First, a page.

Earlier this week, my Mum, my sister and I went to a one-evening course about how to make your own pralinés. It was held at my old school (yes, the same complex of buildings I visited not long ago) in the school's kitchen.
The lady who held the course works as a cook in a rather posh restaurant near Stuttgart. She was expecting 16 participants, but there ended up being only twelve of us, which was alright as far as I was concerned - because said lady, nice as she was and certainly good at cooking and baking and all things food, was of the extremely disorganised and erratic kind who never do one thing after the other but try to be everywhere at the same time and do everything at the same time - and fail.
You could already tell from a look at the print-outs with the recipes she gave everyone; there was first a list of ingredients for each recipe and then the description of what to do in which order. Sounds good? Yes... in theory. In reality, though, there suddenly appeared ingredients in the description that had not been part of the list, and some of what you were supposed to be doing was worded unclearly and didn't sound logical at all.
At one point, while our teacher happened to be in our corner, my Mum asked her whether the nuts should be added to the mixture now; she said "yes" and so my Mum did that, only to hear five seconds later that, no, the nuts were actually meant only for decoration and not as part of the mixture...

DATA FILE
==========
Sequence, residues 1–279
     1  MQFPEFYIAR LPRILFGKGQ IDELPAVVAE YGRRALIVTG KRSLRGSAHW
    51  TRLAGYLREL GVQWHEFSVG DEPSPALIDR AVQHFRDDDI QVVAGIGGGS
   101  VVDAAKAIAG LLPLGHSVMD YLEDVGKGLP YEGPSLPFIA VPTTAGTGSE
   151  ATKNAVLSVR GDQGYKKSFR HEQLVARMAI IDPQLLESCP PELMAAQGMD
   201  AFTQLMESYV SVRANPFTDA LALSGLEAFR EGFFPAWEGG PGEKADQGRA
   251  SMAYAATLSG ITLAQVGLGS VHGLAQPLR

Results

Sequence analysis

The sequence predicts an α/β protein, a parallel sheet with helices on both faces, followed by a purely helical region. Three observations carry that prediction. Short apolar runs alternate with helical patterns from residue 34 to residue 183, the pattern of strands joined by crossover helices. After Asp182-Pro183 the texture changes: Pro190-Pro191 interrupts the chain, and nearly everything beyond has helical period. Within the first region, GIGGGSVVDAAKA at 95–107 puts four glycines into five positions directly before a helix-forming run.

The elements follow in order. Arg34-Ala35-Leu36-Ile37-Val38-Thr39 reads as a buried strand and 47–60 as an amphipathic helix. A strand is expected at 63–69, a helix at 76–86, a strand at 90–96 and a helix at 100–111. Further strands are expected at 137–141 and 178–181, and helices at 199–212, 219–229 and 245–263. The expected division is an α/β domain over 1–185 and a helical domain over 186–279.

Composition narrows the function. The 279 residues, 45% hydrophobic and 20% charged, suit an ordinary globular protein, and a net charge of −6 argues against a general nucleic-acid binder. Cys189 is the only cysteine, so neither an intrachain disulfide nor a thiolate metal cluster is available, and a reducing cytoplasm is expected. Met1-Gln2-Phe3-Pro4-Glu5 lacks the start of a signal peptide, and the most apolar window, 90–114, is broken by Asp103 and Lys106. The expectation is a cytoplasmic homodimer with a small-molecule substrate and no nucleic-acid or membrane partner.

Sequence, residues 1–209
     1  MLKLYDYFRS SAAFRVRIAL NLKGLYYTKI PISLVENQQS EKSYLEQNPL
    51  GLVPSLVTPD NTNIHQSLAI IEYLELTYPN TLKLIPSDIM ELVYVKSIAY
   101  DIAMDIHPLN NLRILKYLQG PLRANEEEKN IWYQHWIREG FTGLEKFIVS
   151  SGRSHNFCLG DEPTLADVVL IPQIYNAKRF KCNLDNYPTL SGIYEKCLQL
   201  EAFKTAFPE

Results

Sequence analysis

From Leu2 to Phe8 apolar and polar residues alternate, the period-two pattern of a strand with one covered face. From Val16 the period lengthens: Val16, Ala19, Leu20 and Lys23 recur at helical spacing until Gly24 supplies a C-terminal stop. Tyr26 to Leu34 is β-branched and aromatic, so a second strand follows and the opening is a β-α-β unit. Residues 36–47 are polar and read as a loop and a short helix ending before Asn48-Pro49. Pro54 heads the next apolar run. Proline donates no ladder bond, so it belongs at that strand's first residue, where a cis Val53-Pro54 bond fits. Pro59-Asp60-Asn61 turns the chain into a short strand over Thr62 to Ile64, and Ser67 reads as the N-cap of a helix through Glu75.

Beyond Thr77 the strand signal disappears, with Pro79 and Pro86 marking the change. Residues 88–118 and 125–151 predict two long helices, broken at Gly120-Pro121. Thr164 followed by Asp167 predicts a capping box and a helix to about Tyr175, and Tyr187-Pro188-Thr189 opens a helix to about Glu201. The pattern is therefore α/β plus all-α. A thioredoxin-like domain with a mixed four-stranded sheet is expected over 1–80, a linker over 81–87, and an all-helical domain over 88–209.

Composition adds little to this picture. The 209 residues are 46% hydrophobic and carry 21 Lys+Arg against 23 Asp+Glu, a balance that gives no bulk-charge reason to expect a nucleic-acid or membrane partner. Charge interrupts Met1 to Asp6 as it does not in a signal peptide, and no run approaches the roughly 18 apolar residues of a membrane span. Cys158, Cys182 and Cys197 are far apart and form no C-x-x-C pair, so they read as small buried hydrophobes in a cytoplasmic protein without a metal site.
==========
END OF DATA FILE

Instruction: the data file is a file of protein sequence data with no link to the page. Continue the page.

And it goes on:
Never mind! Everyone had fun, and we ended up with so many different kinds of VERY delicious pralinés and truffles and sweets that it is hard to say which one I liked best!
|I made these.|
|The round chocolate hollows were the only ready-made thing we had; various fillings were made for them.|
|Caramelised almonds. Quite easy to make, and all you need is sugar and almonds.|
|These were filled with home-made marzipan (the only sweets I do not care for).|
|Don't these look fantastic? I'd never be able to make them like this!|
|A close-up of the ones I made.|
My Mum had a temporary adoptive daughter for that evening; when we split into smaller groups, a very pretty girl asked us whether she could join the three of us in our corner. And of course we had nothing against it - meeting new people is part of the fun of taking such a course, isn't it!
The results of our work were sisterly shared among our group of twelve women, and I am not ashamed to admit that the entire contents of the tin I took home with me was gone by last night :-)
PS: Correction - the teacher of this course does not work at a posh restaurant, but at the academy's cafeteria sharing the same location. Thanks goes to my sister for pointing out my misinterpretation of what the teacher had said at the beginning.